Also, full disclosure: the person writing the e-mail happens to be my boss. He's coming to Chattanooga immediately after his weekend in Nashville, so let's try make sure he has a great time. We wouldn't want the boss in a bad mood (not that he's the type given to such displays -- he's easily the most even-keeled person I've ever worked for).
Thanks in advance.
October 7, 2007
Ron Paul descends on Nashville
Presidential candidate and Texas Congressman Dr. Ron Paul stopped in Nashville this weekend, drawing supporters and onlookers from far and wide.
A.C. Kleinheider was there, and provides a roundup
Chris Wage offers a very read-worthy take on the day
2008 must be over already?
Cuz we're talking about the 2010 race for Governor of Tennessee. The TFP's DC reporter, Herman Wang, puts to rest any further speculation on whether U.S. Rep. Lincoln Davis will seek his party's nomination to run for the state's top elected post.
As the article points out, this move puts Davis on a direct collision course with his friend and former delegation member, Harold Ford, Jr. Meanwhile, recently departed Nashville mayor Bill Purcell is thinking about following in his predecessor's footsteps.
Both major parties' primaries should be interesting, as former U.S Senate Majority Leader Bill Frist and our own no-longer-self-term-limited Congressman Zach Wamp are said to be among those thinking about running on the Republican side.
But let's get through the 2008 (and, in Chattanooga, 2009) election cycles first, shall we?
P.S. - One correction for Herman and the paper: the article says that Lincoln Davis faced no opposition in his 2006 reelection bid. Perhaps they left out a word, such as "serious" or "viable"; but TennesseeTicket's archives say that Kenneth Martin beat out fellow GOP contenders Alan Pedigo and Don Strong to face Davis; and that two Democrats, Norma Cartwright and Harvey Howard, also ran against Davis in the primary that year.
P.P.S - Gotta run: President Hillary's calling. ;-)
October 6, 2007
Oppo-tunity knocks, opens door on candidate's past
And, here we go. One day after the primary firmly established Andy Berke and Oscar Brock as the nominees in the 10th Senate District special election, a news item was written and appeared in print this morning about a two-decades-old misdeed by one of the candidates.
I'd say we can chalk this one up as "global strategy, local tactic." If, ahem, you know what I mean. No doubt both campaigns have hired firms to do opposition research ("oppo" in political jargon), but Berke's quarter-million-plus in campaign receipts likely gives him the upper hand in terms of airing the dirty laundry.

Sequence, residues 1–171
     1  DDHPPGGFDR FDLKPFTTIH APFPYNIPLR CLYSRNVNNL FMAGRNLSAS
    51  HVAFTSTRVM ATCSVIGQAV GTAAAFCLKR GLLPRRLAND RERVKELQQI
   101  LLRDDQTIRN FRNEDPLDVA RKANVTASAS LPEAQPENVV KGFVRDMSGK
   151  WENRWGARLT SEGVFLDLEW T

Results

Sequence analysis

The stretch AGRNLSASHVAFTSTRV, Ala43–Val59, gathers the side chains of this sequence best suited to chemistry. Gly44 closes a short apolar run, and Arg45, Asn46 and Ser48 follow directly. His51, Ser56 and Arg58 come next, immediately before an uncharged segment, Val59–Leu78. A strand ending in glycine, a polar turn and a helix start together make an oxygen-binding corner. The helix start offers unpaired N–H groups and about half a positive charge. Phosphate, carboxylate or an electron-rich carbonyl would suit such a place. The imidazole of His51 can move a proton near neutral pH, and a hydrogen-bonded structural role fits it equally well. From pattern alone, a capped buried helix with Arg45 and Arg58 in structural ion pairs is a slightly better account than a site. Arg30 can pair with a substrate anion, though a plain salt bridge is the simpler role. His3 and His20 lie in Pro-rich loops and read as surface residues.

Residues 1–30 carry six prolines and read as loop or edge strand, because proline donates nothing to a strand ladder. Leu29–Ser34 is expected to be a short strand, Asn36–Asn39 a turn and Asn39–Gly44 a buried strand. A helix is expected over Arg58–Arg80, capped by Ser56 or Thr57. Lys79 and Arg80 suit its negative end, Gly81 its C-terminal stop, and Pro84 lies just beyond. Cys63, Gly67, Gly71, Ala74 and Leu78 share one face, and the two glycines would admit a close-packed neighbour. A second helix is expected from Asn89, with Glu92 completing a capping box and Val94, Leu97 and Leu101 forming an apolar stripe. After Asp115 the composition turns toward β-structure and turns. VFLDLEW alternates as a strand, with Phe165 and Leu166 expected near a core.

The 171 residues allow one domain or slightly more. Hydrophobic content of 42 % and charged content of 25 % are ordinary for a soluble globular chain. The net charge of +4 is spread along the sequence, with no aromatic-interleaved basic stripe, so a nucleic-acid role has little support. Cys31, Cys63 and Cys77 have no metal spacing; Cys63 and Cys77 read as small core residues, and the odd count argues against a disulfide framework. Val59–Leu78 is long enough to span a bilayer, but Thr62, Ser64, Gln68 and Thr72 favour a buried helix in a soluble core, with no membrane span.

The paper gave its article all due appearances of balance by mentioning Berke's record as well, but three parking tickets all paid, mind you are all that they could flush out.
Is Brock's dismissed (UPDATE: and expunged) DUI in 1987 a relevant story in 2007? In general terms, I suppose it's good for us to be aware of things like this, if they're still on record, in case the crime were even more serious. Of course DUI is a serious and dangerous offense, but the General Assembly is not immune, as unfortunate as this fact may be, to sitting members being charged with it: former Senator Kathryn Bowers and current members Sen. Jerry Cooper and Rep. Rob Briley come immediately to mind, and I'm sure there have been others. I'm not excusing anyone, but trying to put perspective on a youthful mistake in light of more current problems.
By the way, what's with local GOP chair Connie Weathers' statement that the tale is "troublesome," and the implication that Brock should not have run for the seat? With well-known Republican donors (like, for instance, CBL executives) on the books for Berke, it's not too much of a stretch to imagine that additional Republicans are crossing over. Perhaps I do speculate too much, and the fact is that the local party has elected Brock to several consecutive terms on the State Executive Committee; but it can't hurt to ask questions. For whatever reasons, Democratic chair John Bailes had less to say about this story than did Weathers.
Though it may be painful for the candidate and/or his family,